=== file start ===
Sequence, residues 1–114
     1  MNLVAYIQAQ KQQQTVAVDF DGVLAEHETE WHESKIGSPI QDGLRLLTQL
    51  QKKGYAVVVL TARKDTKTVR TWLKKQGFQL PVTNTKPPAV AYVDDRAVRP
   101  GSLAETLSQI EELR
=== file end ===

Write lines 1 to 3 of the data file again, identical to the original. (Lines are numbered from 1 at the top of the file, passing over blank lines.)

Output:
Sequence, residues 1–114
     1  MNLVAYIQAQ KQQQTVAVDF DGVLAEHETE WHESKIGSPI QDGLRLLTQL
    51  QKKGYAVVVL TARKDTKTVR TWLKKQGFQL PVTNTKPPAV AYVDDRAVRP